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House lifts VAT, import duties from renewable energy equipment

Unanimous support from the National Assembly, on Monday, saw the smooth passage of the Customs Duties (Amendment) Order of 2012 introduced by Finance Minister Dr Ashni Singh as Parliament reconvened after the three months recess.
The order seeks to have Customs duties on the importation of renewable energy/energy-efficient equipment removed, while deeming the item “zero rated”, exempting it from the usual 16 per cent charged for Value Added Tax (VAT).

“The making of this order and its companion order, the VAT Amendment of 2012, both of those instruments endeavours to provide for the removal of VAT and the removal of Customs Duty on machinery and equipment for obtaining, generating, and utilising energy from renewable energy sources,” Dr Singh said.
“…. Customs Duties (Amendment) Order also discharges a second responsibility and that is to say the removal of duties on exports pursuant to our obligations under Article 14 under the EU-CARIFORUM Economic Partnership Agreement (EPA) and it would, therefore, be noted that in paragraph three that of the order makes an insertion that no export duty shall apply to any exporter member of the European Union or the Dominican Republic consistent with our EPA agreement,” he added.

Order consistent with LCDS
The finance minister said the introduction of the order is consistent with the Low Carbon Development Strategy (LCDs), which promotes new and renewable energy along with energy efficiency.
He noted that it is the governments’ intention to promote a greater reliance on renewable sources of energy as compared to traditional sources, which include the fossil fuel sector.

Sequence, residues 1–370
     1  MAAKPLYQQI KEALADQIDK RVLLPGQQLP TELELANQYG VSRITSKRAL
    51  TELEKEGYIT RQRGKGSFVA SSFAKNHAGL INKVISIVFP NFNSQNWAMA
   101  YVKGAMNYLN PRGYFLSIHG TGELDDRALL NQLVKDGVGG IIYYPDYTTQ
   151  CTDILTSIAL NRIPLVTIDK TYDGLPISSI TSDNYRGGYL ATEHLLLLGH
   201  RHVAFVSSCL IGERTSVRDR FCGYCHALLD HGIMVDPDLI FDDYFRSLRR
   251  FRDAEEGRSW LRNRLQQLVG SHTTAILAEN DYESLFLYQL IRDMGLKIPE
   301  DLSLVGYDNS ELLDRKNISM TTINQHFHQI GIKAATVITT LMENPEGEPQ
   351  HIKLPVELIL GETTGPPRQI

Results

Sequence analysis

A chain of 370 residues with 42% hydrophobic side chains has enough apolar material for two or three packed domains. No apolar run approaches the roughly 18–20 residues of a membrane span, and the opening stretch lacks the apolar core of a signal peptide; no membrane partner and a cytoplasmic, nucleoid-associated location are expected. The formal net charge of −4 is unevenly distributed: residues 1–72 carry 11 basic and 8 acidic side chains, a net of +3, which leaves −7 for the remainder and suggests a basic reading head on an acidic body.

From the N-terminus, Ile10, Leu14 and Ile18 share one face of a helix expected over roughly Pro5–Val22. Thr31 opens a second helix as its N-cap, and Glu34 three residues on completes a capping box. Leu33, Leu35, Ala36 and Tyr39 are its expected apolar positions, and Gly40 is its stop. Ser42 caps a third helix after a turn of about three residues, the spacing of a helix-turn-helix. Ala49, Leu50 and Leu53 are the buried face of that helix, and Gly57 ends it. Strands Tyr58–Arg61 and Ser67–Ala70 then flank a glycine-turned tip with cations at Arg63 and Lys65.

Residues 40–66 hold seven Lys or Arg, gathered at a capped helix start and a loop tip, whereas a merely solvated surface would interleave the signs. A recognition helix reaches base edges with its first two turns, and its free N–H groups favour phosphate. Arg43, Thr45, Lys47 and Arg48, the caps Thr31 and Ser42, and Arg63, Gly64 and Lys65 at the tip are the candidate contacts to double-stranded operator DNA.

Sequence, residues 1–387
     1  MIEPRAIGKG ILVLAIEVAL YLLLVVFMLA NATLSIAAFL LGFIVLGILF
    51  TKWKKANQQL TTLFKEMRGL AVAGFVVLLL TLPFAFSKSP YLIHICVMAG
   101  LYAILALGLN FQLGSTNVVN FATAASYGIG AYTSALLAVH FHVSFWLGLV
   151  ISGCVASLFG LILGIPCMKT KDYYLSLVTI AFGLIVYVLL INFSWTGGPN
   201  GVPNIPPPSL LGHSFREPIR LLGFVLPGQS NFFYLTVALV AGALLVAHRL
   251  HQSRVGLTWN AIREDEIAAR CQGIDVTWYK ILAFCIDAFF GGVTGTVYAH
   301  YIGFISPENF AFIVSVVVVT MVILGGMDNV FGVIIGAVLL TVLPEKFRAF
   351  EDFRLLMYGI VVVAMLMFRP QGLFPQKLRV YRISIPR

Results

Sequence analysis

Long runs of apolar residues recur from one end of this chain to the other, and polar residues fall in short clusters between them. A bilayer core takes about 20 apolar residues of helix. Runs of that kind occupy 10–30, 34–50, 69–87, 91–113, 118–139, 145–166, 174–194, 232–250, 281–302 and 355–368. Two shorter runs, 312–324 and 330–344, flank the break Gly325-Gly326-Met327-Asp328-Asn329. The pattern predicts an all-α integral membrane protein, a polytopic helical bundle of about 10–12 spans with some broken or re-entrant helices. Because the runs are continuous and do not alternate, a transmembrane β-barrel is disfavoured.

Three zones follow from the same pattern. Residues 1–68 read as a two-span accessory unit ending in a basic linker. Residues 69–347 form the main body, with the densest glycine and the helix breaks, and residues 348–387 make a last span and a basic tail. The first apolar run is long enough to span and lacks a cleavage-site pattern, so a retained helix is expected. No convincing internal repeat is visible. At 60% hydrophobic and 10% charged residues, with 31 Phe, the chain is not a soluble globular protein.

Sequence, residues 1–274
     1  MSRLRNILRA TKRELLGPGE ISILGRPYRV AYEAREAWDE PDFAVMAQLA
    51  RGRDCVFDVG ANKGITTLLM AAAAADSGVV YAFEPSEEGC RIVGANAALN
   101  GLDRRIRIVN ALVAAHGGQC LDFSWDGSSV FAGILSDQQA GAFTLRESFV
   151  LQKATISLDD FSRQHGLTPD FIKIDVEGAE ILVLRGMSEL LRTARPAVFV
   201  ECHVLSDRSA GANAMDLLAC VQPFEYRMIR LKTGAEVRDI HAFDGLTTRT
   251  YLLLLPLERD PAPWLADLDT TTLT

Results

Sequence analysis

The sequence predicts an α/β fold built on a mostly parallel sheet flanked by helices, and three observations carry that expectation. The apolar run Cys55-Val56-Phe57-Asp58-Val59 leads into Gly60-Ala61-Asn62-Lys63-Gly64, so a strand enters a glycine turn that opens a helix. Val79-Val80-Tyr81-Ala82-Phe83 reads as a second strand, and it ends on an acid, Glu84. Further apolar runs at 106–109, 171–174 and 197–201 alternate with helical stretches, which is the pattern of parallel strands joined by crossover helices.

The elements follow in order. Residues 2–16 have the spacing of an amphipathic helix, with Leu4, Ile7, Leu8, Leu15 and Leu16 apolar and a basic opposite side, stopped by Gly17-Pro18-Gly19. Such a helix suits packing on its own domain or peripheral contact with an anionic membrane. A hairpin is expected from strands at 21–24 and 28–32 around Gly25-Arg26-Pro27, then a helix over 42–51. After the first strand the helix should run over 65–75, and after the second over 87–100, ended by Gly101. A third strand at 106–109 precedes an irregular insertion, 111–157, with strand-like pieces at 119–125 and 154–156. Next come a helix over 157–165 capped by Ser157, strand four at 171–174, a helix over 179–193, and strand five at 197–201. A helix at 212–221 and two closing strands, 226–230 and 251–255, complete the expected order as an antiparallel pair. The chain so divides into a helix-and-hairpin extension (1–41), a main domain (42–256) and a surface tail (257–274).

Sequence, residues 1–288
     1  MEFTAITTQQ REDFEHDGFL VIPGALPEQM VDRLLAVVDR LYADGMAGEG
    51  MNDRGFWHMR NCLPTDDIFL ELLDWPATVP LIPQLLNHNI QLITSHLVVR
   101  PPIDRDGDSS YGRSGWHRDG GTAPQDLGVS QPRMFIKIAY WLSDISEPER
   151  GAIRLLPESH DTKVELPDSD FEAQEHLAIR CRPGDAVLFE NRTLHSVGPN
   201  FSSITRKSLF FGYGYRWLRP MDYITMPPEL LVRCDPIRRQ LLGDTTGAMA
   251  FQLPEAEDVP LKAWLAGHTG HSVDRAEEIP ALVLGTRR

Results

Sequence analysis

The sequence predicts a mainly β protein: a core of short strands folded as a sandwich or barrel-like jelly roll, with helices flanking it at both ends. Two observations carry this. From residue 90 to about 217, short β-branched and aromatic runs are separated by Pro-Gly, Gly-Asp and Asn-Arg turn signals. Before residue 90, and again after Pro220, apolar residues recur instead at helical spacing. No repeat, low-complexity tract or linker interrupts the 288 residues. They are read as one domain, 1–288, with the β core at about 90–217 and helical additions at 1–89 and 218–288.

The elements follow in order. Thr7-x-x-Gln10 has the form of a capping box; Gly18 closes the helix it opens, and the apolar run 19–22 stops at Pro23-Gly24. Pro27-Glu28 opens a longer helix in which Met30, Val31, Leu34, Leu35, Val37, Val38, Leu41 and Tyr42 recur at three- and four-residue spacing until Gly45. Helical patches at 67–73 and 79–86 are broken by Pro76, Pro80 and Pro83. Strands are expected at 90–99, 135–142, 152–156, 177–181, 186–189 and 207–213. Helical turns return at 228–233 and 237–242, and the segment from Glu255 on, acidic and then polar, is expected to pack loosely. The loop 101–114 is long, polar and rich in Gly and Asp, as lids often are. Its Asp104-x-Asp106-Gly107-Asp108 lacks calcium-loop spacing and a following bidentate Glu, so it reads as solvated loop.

“I believe that the two orders, certainly the Customs order are very straightforward and simple, and, I believe, merit unanimous support of the house.
We hope that more business and more households would recognise the merits of migrating from less efficient devices to more efficient devices,” he said.
However, Prime Minister Samuel Hinds in his capacity as energy minister said that given the “general circumstances”, renewable energy is not economically competitive, with energy derived from commonly available fossil fuels.
“Only solar water heating is really at this time economically competitive with some fuels.
The general position is the prices for renewable energy equipment will keep on forming as the demands grow,” he said.
Signalling the coalition’s consent for the amendment, A Partnership for National Unity parliamentarian Carl Greenidge said the grouping have “no difficulty recognising that the amendment of the schedule export duty is part of an obligation arising from the EPA agreement signed with the European Union.”
He said as a result of that obligation, it is a necessity that Guyana satisfies the commitment to the EU and to the Dominican Republic.
“On the main parts, I would like to say that we welcome the bill, but I would say that the minister needs to be encouraged to look more widely at the tools that could be used to fashion a more comprehensive policy as regards in the energy efficiency policy that would relieve the burdens of the increase in fossil fuel,” he urged.
Also speaking on the order was Alliance For Change (AFC) parliamentarian Moses Nagamotoo who said that the party believes “this is one of the ways we can find census and agreement.” He noted the agreement was because the bill sought to bring relief to the investment of consumers to allow the country to lower its’ growing energy costs.
“We (AFC) also feel that GPL (Guyana Power and Light) needs a little breather; if the private investments can fill the void, so that we can less blackouts, then the private investors can be encouraged to come onboard,” he said.

 

Source: http://www.guyanatimesgy.com/?p=3190



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